The Venetian possession of Butrinto was not without interruptions, but in 1718 the Peace of Passarowitz formally certified that the site including the lake belonged to the Republic. Venice fell in 1797 and Ali Pacha of Tepeleni, who ruled over most of southern Albania and Epirus (north-western Greece), took the opportunity to occupy Butrinto.
Ancient Butrint: theatre
The ruins of Buthrotum occupy a peninsula which is bounded on the western side by a
small bay in the lake, and is surrounded from the
north to the south-east by the windings of the
river just above its issue. The walls of the Roman
colony still exist in the whole circumference, which
is about a mile, and are mixed with remains both
of later and of Hellenic work, showing that
the city always occupied the same site. Leake
The Roman town had baths, an aqueduct, a gymnasium and a theatre.
Ancient Butrint: (left) Lake or Scaean Gate (IVth century BC); (right) inscriptions near the theatre
The towers which flank the walls
were built with a salient angle, and some of them were of this
form. The citadel was towards
the bay of the lake, where the side of the peninsula is the highest and steepest. Of the Hellenic
remains there is a very perfect piece of wall on the
south-eastern side, which, as it consists of regular
courses, is probably not much older than the time
of Pyrrhus. There is also a fine remnant on the
western side, of which the courses are nearly equal
and parallel. Leake
Next to the theatre there is a very interesting "Inscription Wall". Experts have concluded that the many names quoted in the inscriptions refer to manumitted slaves and their owners (see similar inscriptions at Delphi). Manumissions (releases from slavery) usually had the objective to celebrate some events or to encourage the colonization of an area by liberti (freemen).
Ancient Butrint: round baptistery and detail of its font (see a similar baptistery at Ephesus)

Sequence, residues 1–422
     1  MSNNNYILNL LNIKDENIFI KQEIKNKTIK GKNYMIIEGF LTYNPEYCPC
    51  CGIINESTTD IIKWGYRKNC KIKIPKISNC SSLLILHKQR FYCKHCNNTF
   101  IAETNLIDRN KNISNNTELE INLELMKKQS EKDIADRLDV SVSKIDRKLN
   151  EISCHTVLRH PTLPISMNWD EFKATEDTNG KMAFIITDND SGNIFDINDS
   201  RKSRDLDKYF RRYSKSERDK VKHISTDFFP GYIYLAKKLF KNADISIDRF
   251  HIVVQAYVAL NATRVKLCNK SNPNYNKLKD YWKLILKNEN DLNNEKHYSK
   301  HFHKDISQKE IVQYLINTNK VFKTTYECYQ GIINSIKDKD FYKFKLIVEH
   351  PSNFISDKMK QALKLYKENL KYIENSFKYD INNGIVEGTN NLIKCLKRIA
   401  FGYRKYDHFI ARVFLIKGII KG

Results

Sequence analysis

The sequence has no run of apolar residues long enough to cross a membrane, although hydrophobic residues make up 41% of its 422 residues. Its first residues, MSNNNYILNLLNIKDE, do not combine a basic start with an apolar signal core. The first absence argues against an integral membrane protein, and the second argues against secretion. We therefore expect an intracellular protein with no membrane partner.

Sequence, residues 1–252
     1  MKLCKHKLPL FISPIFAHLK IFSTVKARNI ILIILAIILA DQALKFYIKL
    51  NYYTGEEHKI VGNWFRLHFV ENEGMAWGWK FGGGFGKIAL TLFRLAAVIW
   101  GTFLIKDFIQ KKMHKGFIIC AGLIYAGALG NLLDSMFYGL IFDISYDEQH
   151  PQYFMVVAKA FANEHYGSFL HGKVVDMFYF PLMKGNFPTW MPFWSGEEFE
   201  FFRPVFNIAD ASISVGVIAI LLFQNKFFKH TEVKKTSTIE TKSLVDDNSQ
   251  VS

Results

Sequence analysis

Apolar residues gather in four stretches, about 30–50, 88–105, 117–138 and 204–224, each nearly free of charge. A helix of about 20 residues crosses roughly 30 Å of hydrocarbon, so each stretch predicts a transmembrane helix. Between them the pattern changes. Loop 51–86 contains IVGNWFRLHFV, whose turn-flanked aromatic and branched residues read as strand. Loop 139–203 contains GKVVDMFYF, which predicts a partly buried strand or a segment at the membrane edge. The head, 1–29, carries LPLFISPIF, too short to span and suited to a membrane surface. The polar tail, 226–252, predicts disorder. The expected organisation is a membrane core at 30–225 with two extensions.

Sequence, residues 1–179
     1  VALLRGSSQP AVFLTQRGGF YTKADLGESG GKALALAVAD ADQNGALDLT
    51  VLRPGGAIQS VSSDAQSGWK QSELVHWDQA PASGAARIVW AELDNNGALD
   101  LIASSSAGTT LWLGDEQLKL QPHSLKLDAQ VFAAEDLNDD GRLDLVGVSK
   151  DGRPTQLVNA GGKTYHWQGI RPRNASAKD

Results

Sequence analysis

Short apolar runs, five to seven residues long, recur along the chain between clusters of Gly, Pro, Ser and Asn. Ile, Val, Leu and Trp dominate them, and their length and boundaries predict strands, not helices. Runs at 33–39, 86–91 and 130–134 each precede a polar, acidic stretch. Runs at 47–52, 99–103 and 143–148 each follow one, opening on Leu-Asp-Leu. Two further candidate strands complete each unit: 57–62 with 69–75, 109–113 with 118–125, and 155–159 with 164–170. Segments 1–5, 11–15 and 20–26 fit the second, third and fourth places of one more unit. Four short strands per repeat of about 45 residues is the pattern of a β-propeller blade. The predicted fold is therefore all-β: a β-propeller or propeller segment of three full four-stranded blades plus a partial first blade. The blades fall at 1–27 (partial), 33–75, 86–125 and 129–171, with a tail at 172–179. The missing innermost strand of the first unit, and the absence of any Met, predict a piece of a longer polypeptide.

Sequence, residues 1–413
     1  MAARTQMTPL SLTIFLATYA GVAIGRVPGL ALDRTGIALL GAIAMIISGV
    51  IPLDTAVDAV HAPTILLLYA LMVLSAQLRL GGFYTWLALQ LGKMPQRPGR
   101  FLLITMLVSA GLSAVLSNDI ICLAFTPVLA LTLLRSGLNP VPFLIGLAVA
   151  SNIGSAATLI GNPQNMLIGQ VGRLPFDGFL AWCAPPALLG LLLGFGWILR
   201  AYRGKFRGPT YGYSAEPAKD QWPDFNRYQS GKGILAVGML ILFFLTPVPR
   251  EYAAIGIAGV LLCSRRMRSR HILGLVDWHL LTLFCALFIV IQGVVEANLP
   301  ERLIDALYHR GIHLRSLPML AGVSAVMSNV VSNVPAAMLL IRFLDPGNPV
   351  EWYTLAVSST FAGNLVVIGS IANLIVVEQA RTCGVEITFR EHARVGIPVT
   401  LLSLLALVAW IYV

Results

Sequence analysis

the inclosure are the ruins of a large church, of
two or three small ones, and of some cisterns,
baths, and houses. There are also some fragments of granite columns and of other marbles. Leake
The image in the background of this page shows a detail of a mosaic in a church of ancient Butrint.
View of the Roman baths from the upper fortress
Butrint has a special atmosphere created by a combination of archaeology, monuments and nature in the Mediterranean. With its hinterland it constitutes an exceptional cultural landscape, which has developed organically over many centuries.
From the UNESCO synthesis of the universal value of Butrint which in 1992 was added to the World Heritage List.
Upper Venetian fortress
In the 1920s an Italian archaeological mission excavated the site and unearthed significant remains of the ancient town. On this occasion the crumbling Venetian castle at the top of the hill was almost entirely rebuilt to serve as lodging and shelter for statues and reliefs. It now houses a small museum.
Move to the Introductory page on the Venetian Fortresses in Greece
List of the fortresses
|Geographic area||Location||Ionian Islands||Corf¨ (Kerkyra) Paxo (Paxi) Santa Maura (Lefkadas) Cefalonia (Kephallonia) Asso (Assos) Itaca (Ithaki) Zante (Zachintos) Cerigo (Kythera)||Greek Mainland||Butrinto (Butrint) Parga Preveza and Azio (Aktion) Vonizza (Vonitsa) Lepanto (Nafpaktos) Atene (Athens)||Peloponnese (Morea)||Castel di Morea (Rio), Castel di Rumelia (Antirio) and Patrasso (Patra) Castel Tornese (Hlemoutsi) and Glarenza Navarino (Pilo) and Calamata Modon (Methoni) Corone (Koroni) Braccio di Maina, Zarnata, PassavÓ and ChielefÓ MistrÓ Corinto (Korinthos) Argo (Argos) Napoli di Romania (Nafplio) Malvasia (Monemvassia)||Aegean Islands||Negroponte (Chalki) Castelrosso (Karistos) Oreo Lemno (Limnos) Schiatto (Skiathos) Scopello (Skopelos) Alonisso Schiro (Skyros) Andro (Andros) Tino (Tinos) Micono (Mykonos) Siro (Syros) Egina (Aegina) Spezzia (Spetse) Paris (Paros) Antiparis (Andiparos) Nasso (Naxos) Serifo (Serifos) Sifno (Syphnos) Milo (Milos) Argentiera (Kimolos) Santorino (Thira) Folegandro (Folegandros) Stampalia (Astipalea)||Crete||Grambusa (Granvousa) Castello (Kasteli/Kissamos) La Canea (Xania) Souda Candia (Iraklion) Rettimo (Rethymno) Spinalonga and Castel Mirabello Castles on the southern coast Sittia and Paleocastro|
You may refresh your knowledge of the history of Venice in the Levant by reading an abstract from
the History of Venice by Thomas Salmon, published in 1754. The Italian text is accompanied by an English summary.